In the early autumn this year, an archaeological discovery in London saw almost 200 Roman skulls found when tunnelling along the Crossrail route. The skulls are believed to date from the third or fourth centuries. Roman pottery was also found amongst the skulls not far from the Liverpool Street site. As the Romans used to cremate their dead before the third century AD the archaeologists are almost certain of which period of Roman occupation the skulls come from.
The remains were found in the deposits of the ancient Walbrook River which was paved over in the 15th century. The river’s muddy walls provided the ideal preservation environment for ancient bones and artefacts. Over the last year some 10,000 Roman pieces have been found at the site.
As you walk through London, in particular Chelsea, you may come across elderly men wearing scarlet uniforms topped with black tricorn hats. Who are these old men flamboyantly and quirkily patrolling the streets of London and what is their history?
Known as the Chelsea Pensioners, this London tradition dates back more than three centuries. Today the Queen honours these individuals, as have many of her predecessors.
It all started in 1682 when King Charles II decided that something must be done for British soldiers who had been wounded in war. Seven years later, King Charles’ ideas were re-enforced when William III introduced a pension system for soldiers who had been wounded or had served the country for 20 years.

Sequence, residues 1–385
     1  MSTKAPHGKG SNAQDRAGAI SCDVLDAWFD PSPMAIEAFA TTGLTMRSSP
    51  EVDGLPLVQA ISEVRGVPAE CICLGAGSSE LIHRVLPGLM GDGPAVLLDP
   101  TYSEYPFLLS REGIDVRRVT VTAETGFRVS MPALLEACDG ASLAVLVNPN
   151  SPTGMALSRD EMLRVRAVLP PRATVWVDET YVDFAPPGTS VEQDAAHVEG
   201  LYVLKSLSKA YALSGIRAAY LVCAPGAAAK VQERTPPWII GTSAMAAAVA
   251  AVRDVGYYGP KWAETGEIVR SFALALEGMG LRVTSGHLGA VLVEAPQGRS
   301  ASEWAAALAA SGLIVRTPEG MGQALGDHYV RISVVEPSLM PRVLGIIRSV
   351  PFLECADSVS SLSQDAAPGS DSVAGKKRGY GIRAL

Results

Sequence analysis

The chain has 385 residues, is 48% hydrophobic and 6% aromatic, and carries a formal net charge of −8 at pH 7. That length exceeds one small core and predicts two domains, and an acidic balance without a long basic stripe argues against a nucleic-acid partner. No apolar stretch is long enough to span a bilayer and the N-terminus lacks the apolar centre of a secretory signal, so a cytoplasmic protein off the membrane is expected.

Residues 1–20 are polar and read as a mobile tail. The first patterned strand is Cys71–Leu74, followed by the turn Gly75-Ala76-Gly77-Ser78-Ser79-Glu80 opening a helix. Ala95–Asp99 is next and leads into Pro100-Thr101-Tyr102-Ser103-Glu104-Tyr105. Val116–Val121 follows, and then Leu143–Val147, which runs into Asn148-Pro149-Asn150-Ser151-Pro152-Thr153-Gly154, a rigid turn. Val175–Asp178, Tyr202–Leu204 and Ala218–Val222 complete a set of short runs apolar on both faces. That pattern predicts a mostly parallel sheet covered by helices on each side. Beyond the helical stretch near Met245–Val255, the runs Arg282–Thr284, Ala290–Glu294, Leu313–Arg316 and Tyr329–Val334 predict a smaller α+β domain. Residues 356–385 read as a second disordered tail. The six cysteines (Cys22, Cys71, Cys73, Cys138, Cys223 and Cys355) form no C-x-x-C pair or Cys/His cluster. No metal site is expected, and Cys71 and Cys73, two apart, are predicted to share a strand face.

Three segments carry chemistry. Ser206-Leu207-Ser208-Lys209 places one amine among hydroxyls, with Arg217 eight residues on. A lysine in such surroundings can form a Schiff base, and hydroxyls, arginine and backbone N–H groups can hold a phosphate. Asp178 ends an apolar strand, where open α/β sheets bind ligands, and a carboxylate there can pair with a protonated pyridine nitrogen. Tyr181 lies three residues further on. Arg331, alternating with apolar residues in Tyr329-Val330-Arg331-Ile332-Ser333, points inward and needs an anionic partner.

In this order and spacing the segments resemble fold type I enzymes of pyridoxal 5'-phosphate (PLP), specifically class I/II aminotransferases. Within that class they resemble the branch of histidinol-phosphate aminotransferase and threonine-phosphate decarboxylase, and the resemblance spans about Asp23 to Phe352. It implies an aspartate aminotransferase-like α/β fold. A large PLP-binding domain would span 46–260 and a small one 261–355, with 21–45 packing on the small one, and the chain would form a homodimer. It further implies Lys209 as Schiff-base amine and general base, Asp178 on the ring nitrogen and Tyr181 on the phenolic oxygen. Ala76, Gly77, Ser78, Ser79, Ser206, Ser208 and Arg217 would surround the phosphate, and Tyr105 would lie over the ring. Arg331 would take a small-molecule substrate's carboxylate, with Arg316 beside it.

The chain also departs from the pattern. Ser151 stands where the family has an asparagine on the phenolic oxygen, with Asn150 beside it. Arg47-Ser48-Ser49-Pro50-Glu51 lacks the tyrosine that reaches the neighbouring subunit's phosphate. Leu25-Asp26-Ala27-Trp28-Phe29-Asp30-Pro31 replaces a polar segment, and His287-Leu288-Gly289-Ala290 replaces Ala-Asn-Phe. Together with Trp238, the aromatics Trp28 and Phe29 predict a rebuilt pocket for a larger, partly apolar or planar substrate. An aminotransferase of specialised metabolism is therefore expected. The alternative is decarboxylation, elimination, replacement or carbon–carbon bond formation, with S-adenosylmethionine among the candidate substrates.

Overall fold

The Royal Hospital in Chelsea was still being built during the late 1680s but on completion there was a commodity available known as ‘in-pensioners and out- pensioners’. Those who were in-pensioners lived inside the Royal Hospital and did not receive any money and the out-pensioners did receive money. In 1703 there were only 53 out-pensioners but by 1815 this figure had risen sharply to 36,757. The reason for the sharp rise was mostly due to a relentless and unforgiving individual from France called Napoleon Bonaparte!
Unbelievably this system ran until 1955 when reform took place and army pensions were no longer distributed from the hospital. The in-pensioners henceforth became commonly known as the Chelsea Pensioners.